2008 VOLVO XC70

2010 HIGHLANDER SR5

2008 TUNDRA CREW MAX 4X4

V6, 4WD, 7 passenger, leather & low mileage.

TRD Off Road pkg, sunroof, trailer tow pkg.

AWD, leather, sunroof, beautiful car.

Stk. #P3778

Stk. #P3717

Stk. #17917A

34,490

28,900

$

$

$

2007 TACOMA DOUBLE CAB 4X4

2008 TACOMA ACCESS CAB 4X4

2006 HIGHLANDER HYBRID LTD

Stk. #17877a

Stk. #P3594

Stk. #18163a

TRD Sport, tows up to 6500 lbs, Only 57,000 km.

30,800

TRD Off Road, sport seats, skid plates, fog lights.

27,900

$

270HP, 38MPG city, loaded, only 68,000km.

25,900

$

26,990

$

2008 TACOMA ACCESS CAB 4X4

2006 4RUNNER LTD

2008 FORD EDGE LTD

SR5, pwr pkg, auto, alloy wheels, A/C.

Leather, V8, sunroof, tow pkg.

Navigation, loaded, 54,000 km, Black/black

Stk. #P3549

Stk. #17878a

25,780

24,900

$

24,890

$

$

2007 HONDA ODYSSEY EX-L TOURING

2009 TOYOTA CAMRY SE

2007 TACOMA 4X4 DOUBLE CAB

Navigation, rear seat, DVD, loaded.

V6, automatic, sports tuned suspension, sunroof

Stk. #18244B

Stk. #P3616

Automatic, canopy, towing hitch.

23,900

$

23,180

$

Stk. #14240a

22,900

$

2007 FJ CRUISER

2008 NISSAN ROGUE

4x4, V6, auto, Off Road Fun

AWD, sunroof, heated cloth seats, only 54,000 kms

V6, auto, leather, JBL sound system

Stk. #18123A

Stk. #P3580

Stk. #17156b

22,900

$

21,900

$

2007 RAV4 LTD

2007 HYUNDAI SANTA FE

Stk. #P3792

Stk. #P3694A

70 mpg, keyless entry, automatic climate control

Stk. #P3647

20,900

21,490

$

2008 PRIUS HYBRID

4 cyl, sunroof, pwr seat

19,900

$

2006 RAV4 LTD

$

AWD, leather, sunroof, local 1 owner.

17,990

$

2010 HONDA CIVIC SPORT

2008 TOYOTA MATRIX XR Automatic, sunroof, foglamps, 17” alloy wheels.

3.0L 6 cyl, automatic, only 98,000 km.

Stk. #17993B

Stk. #P3795

Stk. #18194A

5 spd, sunroof, alloy wheels, 1 owner.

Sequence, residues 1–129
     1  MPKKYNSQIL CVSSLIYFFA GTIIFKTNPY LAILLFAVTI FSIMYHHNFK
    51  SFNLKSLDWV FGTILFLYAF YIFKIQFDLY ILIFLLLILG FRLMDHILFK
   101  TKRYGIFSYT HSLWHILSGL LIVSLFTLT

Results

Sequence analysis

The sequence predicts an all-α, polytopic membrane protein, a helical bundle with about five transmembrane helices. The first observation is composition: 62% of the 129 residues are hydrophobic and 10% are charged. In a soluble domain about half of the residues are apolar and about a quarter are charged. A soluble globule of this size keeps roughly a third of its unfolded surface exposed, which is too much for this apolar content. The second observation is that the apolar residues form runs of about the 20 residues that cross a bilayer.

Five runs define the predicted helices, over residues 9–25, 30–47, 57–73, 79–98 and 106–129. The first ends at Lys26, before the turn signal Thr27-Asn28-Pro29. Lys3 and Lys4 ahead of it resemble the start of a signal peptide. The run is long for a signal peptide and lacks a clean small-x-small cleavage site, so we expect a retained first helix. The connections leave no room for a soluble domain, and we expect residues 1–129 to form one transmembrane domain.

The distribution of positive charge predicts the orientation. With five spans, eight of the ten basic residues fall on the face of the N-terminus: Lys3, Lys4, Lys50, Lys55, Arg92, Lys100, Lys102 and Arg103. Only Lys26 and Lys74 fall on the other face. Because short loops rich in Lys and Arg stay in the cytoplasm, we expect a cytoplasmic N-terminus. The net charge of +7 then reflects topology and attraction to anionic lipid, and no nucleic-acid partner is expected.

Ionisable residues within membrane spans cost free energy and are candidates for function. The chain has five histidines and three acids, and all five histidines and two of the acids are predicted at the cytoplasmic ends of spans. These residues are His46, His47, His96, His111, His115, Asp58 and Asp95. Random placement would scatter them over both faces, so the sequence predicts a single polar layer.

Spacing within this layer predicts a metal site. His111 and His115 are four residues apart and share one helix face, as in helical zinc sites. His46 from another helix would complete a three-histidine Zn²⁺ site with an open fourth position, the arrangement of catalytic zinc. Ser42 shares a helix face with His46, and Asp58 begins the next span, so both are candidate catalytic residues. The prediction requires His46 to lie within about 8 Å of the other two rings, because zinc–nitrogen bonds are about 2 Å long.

16,900

$

17,490

$

2001 BMW X5

15,900

$

2007 FORD RANGER FX LEVEL II

2009 TOYOTA COROLLA CE

Automatic, AC, keyless entry, ABS.

2006 SUBARU IMPREZA L

V6, 5 spd, tonneau cover, 2 sets of tires & rims. Stk. #18060A

Stk. #15677A

Stk. #17171A

13,780

$

14,900

$

2005 NISSAN ALTIMA SE V6, automatic, A/C, power drivers seat. Stk. #17808A

12,780

D L O S 9,990

2007 FORD FOCUS WAGON Auto, A/C, great fuel economy with lots of room

AWD, 5 spd, alloy wheels, fun to drive.

12,890

$

2007 SATURN ION

2 doors, 5 spd., A/C, 4 cyl. Stk. #17850A

Stk. #P3756

8,990

$

$

$

2001 MERCEDES BENZ ML320

2003 SUBARU OUTBACK

Leather, luxury, good condition

V6, automatic, AWD

2002 TOYOTA SIENNA CE

V6, automatic, 7 passenger, A/C.

Stk. #18236a

Stk. #16500B

$

Stk. #3724a

8,990

$

8,990

$

7,980

Looking for more pre-owned selection? We have over 100 vehicles at

KELOWNATOYOTA.COM

KELOWNA Steve White Sales Mgr.

26 years

Pat Fortin

Steve Enns Asst. Mgr.

16 years

34 years

Greg Klein

22 years

Andy Buechi

9 years

TOYOTA Wendell Gillis

5 years

1200 Leathead Rd, Kelowna, B.C. 250-491-2475 • www.kelownatoyota.com

Steve John Fullerton

2 years

Trusted for over 41 Years D# 5134

Nissan from B8

Full safety inspections Financing OAC ICBC History Report Extended Warranty Available

Your best source of community news—the Capital News—now with video on www.kelownacapnews.com